"Chinese state’s arbitrary and unfair exercise of power has become much more efficient."

Having listened to stories of detention camps and exploiting organ harvesting for economic gain over the years, you would think belongs to the realms of urban legends but when you hear it form credible sources like the BBC you begin to realize that a lot of it could well be true.

They really need to right these wrongs.

BBC Discovery radio article: China's Organ Transplants

BBC Crossing Continents: China's Hidden Camps

China losing patience with Taiwan and its distinctness.
China infiltrating Taiwan’s political and society with soft power as well.
Most (all?) Taiwanese do not want unification.

MortgageBelt, i'm not sure that's accurate. Stats are tricky (all stats related to China are massaged ha) but from my understanding PBC are in the majority (democratically elected) and PBG whilst having an independence agenda, priortise maintaining the status quo rather than war with PRC.

PBC maintain they want unification EVENTUALLY. But only if PRC has become more democratic and economic parity with Taiwan. This has been the official position for decades and indeed the PRC has indeed achieved the economic parity in many areas. However it's still a complete and utter no bueno on the democracy front so that will uphold the status quo agenda for now.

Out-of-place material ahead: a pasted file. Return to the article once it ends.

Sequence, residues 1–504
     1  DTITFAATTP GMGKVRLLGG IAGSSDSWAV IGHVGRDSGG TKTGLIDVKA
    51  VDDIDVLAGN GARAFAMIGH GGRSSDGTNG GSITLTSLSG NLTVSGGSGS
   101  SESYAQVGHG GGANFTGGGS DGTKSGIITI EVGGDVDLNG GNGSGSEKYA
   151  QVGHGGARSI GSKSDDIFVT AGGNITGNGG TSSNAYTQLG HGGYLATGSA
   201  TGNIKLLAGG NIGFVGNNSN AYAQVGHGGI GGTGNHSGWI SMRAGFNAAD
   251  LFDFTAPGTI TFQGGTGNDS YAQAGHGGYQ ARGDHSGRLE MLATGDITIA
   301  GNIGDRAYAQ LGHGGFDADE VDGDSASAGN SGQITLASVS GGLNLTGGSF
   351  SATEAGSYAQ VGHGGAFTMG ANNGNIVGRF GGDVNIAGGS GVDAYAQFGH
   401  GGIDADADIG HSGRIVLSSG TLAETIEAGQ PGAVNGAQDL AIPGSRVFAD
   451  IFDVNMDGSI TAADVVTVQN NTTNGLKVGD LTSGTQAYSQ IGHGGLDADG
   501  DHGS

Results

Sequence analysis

It also massively depends on how the US behaves. If the US sells more arms to Taiwan or denies the One China Policy for any reason then that could upset the status quo. Obama seemed to poke that bear more than Trump has been. Trump did have an official phone call with ROC president which peeved PRC no end, but other than that Trump has been geopolitically neutral.

NB (just to save anyone unfamiliar having to google). PRC = People's Republic of China (ie Communist mainland China). ROC = Republic of China (ie the older previous Chinese gov that fled to Taiwan in 1949 with all the gold) PBC = Pan Blue Coalition (the ROC unification parties) PBG (the independence leaning parties)

China is ruining the world. Over poluting the planet with people and toxins and trying to take over everything. The only thing you can trust China to do is cheat and lie. Their economic statistics are a joke and their dive into AI is just another example of them trying to get ahead at everyone else expense. Their current 'leader for life' is just another Putin but much more underhanded and should be put down in my view.

And that, incidentally, also poses a problem for those who believe that capitalism is the key driver of environmental destruction. After all, the most ecologically unsustainable country in history is nominally communist.

It really doesn't. China is less communist than the USSR and, according to what I learned at Uni, the USSR wasn't communist.

Further, as China is a hierarchy in line with standard capitalist business models, we can determine that, despite what it calls itself, China is most definitely capitalist.

So, we can ascertain that it's still capitalism destroying everything as it has done throughout history.

State capitalist, and definitely still a command economy. The only country that has come close to being a truly communist one is Cuba.